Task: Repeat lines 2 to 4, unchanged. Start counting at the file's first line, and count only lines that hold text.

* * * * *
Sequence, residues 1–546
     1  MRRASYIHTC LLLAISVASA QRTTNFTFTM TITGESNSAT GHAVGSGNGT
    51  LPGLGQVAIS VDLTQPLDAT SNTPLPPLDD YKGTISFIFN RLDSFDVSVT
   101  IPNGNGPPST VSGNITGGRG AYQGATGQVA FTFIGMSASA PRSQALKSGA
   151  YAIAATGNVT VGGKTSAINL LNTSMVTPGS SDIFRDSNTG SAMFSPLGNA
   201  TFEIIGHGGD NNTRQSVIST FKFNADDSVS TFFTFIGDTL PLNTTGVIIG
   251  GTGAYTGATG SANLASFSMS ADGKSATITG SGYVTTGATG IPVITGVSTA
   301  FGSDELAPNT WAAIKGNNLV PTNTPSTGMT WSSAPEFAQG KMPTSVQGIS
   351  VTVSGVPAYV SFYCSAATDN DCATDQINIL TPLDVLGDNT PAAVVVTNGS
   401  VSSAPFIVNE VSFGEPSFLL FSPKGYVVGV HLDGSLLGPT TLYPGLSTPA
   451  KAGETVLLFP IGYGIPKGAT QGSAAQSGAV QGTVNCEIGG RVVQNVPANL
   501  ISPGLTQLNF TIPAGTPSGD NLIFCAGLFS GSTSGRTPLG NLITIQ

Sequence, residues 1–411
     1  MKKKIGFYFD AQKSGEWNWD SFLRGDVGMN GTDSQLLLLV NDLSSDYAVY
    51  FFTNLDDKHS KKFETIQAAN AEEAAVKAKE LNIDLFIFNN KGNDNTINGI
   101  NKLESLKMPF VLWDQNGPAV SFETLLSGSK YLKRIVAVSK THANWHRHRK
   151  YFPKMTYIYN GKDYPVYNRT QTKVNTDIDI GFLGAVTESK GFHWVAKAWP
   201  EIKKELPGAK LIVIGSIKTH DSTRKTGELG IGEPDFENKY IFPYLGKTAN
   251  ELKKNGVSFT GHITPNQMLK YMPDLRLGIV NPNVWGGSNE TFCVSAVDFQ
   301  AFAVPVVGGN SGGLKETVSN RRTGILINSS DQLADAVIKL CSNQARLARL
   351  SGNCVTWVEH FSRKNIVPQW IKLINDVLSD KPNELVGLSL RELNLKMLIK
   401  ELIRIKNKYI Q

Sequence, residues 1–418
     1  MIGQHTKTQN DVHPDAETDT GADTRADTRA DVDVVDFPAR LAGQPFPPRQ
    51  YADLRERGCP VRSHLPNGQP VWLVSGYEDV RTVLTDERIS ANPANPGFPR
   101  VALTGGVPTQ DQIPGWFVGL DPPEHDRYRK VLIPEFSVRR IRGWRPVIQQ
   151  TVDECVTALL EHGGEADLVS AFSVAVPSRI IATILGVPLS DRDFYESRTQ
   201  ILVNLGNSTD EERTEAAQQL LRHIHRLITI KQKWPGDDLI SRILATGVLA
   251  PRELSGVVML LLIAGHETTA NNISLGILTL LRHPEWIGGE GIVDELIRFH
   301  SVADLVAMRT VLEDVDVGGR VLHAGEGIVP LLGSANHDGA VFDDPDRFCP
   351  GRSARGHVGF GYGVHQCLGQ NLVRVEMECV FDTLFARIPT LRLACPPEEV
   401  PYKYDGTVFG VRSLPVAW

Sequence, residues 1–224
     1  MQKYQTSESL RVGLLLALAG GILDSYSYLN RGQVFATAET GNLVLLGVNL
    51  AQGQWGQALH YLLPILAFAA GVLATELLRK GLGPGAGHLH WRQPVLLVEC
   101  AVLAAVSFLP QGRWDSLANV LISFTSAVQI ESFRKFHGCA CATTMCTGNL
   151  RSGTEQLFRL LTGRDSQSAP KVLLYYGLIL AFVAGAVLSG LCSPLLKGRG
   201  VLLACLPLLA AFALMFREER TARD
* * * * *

     1  MRRASYIHTC LLLAISVASA QRTTNFTFTM TITGESNSAT GHAVGSGNGT
    51  LPGLGQVAIS VDLTQPLDAT SNTPLPPLDD YKGTISFIFN RLDSFDVSVT
   101  IPNGNGPPST VSGNITGGRG AYQGATGQVA FTFIGMSASA PRSQALKSGA